WASHINGTON (NEXSTAR) — In a case before the Supreme Court that could gut the Environmental Protection Agency (EPA), multiple Republican attorneys general argued that the agency doesn’t have the legal authority to make new rules about green gas emissions from power plants.
According to West Virginia Attorney General Patrick Morrisey, it’s up to Congress to decide these rules because of the impact they have on state economies.
“Whatever your position is on the major question of climate change, Congress needs to settle it as opposed to unaccountable agencies,” Morrisey said. “Whole towns that can get shuttered down as a result of regulations that don’t have lawful origination.”
The lawsuit originated in 2015 after the Obama administration issued the Clean Power Plant — which has since been struck down.
The Biden administration argued in court that the states bringing this case to trial have no standing because currently there is no EPA rule to regulate emissions from power plants.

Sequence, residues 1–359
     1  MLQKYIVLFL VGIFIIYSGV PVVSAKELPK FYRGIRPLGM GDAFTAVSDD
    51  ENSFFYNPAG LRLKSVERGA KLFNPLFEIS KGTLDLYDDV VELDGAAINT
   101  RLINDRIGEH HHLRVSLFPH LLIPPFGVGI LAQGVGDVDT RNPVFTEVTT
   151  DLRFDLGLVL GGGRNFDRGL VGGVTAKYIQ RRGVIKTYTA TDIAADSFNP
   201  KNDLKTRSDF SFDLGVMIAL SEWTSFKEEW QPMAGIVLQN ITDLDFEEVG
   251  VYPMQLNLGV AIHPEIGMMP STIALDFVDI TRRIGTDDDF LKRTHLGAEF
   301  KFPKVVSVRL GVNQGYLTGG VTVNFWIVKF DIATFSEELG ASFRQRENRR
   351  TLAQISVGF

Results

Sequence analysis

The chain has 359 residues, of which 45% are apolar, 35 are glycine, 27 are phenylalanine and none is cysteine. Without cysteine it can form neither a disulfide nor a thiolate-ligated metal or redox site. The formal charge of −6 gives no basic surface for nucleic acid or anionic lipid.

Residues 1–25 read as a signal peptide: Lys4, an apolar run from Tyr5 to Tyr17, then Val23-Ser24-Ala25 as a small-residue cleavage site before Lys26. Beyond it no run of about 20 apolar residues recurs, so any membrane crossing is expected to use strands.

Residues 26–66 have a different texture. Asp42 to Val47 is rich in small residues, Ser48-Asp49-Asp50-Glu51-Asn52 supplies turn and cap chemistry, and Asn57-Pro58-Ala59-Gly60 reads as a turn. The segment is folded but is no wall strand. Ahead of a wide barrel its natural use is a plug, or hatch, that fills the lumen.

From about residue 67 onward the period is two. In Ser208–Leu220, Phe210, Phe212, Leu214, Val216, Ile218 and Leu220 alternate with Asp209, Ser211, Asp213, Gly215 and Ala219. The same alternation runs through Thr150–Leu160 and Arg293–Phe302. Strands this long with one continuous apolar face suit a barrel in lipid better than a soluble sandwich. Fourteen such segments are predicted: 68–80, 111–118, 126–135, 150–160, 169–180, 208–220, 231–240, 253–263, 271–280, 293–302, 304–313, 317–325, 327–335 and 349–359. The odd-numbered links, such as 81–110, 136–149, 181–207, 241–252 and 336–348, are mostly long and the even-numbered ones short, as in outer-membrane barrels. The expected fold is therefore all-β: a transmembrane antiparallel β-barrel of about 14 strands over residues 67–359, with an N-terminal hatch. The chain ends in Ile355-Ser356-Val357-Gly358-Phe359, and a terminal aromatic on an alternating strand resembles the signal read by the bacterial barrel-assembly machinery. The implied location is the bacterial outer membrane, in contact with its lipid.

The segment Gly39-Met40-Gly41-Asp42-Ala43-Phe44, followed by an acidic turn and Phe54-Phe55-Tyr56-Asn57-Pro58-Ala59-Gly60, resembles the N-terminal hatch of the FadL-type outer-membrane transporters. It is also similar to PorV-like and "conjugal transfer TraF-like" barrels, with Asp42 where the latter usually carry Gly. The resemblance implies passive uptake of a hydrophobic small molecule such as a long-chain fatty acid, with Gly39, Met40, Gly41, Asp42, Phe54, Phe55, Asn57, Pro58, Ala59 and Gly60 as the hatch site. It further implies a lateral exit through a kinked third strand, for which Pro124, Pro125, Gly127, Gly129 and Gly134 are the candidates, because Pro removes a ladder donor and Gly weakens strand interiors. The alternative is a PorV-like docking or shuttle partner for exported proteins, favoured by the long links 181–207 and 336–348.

“Instead what they seek from this court is a decision to constrain EPA’s authority in the upcoming rulemaking,” said U.S. Solicitor General Elizabeth Prelogar.
Prelogar also said that the merits of these cases are inaccurate, saying that Clean Power Plant wouldn’t have any major impact.
“The industry achieved CPP’s emission limits a decade ahead of schedule and in the absence of any federal regulation,” Prelogar said.
The Supreme Court’s decision could impact whether the EPA can roll out new emissions rules — not just for power plants, but for any sector.
The EPA is currently working on new rules for power plants that are expected to be finalized in two years. However, the decision, in this case, could impact that timeline.